Norway is doubling its support for the fight against Ebola, and will be contacting the UN, the UK Government and other relevant actors to offer personnel and equipment for their operations. A new contribution of NOK 89 million brings Norway’s total funding for the fight against Ebola to just over NOK 184 million.
‘The situation is critical in the West African countries that are affected by the disease. The outbreak is spreading faster than the response. Efforts need to be significantly and rapidly stepped up in order to stop the outbreak,’ said Minister of Foreign Affairs Børge Brende.
‘The health sector has both personnel and equipment that can be made available. We will determine, in consultation with the UN and other involved actors, how we can make the most useful contribution,’ said Minister of Health and Care Services Bent Høie.
‘Preparations are underway to provide air transport for personnel and equipment if needed. We have entered into an agreement on the use of civilian air ambulance capacity from the US and other countries for evacuating Norwegian citizens in the event of suspected or confirmed Ebola infection. We are also seeking to make a C-130 Hercules aircraft available as a back-up solution,’ said Minister of Defence Ine Eriksen Søreide.
The new allocation represents a doubling of Norway’s support for the efforts to fight Ebola. Norway’s contribution now totals NOK 184.2 million, including the NOK 15 million allocated to the UN Central Emergency Response Fund (CERF).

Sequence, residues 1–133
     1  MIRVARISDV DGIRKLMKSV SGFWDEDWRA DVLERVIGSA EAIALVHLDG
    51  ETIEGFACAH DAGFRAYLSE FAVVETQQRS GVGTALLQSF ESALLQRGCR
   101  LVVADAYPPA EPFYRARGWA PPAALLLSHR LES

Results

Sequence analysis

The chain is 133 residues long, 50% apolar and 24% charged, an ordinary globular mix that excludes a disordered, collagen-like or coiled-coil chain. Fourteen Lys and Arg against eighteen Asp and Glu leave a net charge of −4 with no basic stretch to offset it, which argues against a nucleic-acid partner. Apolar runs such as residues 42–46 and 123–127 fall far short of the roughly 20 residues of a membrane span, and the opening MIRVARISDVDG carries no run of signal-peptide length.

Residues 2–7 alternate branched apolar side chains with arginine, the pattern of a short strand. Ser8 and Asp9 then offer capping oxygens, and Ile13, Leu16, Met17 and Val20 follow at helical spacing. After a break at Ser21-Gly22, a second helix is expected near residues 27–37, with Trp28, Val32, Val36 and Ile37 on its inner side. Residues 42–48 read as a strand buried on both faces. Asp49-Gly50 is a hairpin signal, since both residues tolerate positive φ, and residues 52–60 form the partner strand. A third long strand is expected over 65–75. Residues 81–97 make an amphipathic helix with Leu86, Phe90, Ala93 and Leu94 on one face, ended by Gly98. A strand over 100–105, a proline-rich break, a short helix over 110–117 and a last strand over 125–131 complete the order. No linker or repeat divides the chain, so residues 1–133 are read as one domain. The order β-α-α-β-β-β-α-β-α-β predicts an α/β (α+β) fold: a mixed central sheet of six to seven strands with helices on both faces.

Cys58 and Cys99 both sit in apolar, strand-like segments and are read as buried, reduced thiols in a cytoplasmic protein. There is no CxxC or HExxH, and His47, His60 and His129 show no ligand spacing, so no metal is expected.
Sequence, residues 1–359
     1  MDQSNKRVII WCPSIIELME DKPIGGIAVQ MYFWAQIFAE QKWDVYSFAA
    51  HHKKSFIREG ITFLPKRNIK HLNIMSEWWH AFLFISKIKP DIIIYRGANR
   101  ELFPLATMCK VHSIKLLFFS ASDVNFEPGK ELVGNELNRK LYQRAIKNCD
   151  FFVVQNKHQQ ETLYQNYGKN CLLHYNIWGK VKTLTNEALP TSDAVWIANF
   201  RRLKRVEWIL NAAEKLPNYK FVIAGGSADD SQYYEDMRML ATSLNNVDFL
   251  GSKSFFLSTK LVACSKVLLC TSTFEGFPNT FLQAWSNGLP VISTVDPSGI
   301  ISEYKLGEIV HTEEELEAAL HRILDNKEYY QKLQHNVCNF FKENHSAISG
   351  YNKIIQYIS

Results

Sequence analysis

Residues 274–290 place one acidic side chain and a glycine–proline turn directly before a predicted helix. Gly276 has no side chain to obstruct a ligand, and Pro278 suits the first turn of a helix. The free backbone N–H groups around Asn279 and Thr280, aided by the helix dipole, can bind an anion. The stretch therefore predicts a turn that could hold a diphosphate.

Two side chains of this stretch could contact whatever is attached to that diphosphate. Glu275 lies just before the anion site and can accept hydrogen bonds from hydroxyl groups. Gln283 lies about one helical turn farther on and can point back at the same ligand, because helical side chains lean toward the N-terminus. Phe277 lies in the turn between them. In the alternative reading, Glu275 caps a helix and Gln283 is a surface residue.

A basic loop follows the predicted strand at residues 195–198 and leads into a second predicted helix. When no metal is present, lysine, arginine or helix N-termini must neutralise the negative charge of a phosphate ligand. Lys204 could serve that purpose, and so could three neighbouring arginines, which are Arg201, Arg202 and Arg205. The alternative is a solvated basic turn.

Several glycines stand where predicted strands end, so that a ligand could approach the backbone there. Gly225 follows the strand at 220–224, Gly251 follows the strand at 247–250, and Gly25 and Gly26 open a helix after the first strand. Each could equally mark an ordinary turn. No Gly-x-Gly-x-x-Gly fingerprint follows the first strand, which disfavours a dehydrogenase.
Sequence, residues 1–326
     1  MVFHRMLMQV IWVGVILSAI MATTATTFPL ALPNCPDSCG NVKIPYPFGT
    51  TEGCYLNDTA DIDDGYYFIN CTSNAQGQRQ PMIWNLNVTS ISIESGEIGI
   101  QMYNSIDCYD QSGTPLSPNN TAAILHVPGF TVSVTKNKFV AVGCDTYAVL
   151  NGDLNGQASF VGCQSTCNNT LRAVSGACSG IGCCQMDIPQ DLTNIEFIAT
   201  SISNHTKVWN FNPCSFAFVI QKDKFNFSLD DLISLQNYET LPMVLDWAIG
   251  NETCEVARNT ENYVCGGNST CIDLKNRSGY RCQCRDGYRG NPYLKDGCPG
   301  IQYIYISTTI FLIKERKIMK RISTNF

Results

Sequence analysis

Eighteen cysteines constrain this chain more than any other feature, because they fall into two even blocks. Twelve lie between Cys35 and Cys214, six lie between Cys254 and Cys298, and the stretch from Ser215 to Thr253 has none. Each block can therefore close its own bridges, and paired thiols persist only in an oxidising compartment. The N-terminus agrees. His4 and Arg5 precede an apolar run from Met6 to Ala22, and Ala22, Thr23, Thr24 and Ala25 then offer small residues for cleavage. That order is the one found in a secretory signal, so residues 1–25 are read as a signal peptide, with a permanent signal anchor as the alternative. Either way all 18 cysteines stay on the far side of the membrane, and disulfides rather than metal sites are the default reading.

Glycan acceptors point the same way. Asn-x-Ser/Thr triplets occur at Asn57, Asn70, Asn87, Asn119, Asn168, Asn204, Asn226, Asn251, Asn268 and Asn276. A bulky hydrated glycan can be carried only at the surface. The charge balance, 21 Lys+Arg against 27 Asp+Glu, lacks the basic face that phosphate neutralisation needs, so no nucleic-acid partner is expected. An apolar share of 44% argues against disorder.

In recent weeks, the Ministry of Health and Care Services, in collaboration with the Ministry of Foreign Affairs, the Ministry of Defence, the Ministry of Justice and Public Security and the Ministry of Transport and Communications, has drawn up measures to address the Ebola outbreak, including preparedness for evacuation of infected persons and assistance to the affected countries in West Africa.
The allocation from the Ministry of Foreign Affairs will make it possible to provide personnel and equipment for the efforts in West Africa. Some of the allocation will also be given in the form of funding to the UN, the Red Cross and other NGOs.
Furthermore, isolation facilities at Oslo University Hospital will be available for treating international health workers, if the need arises.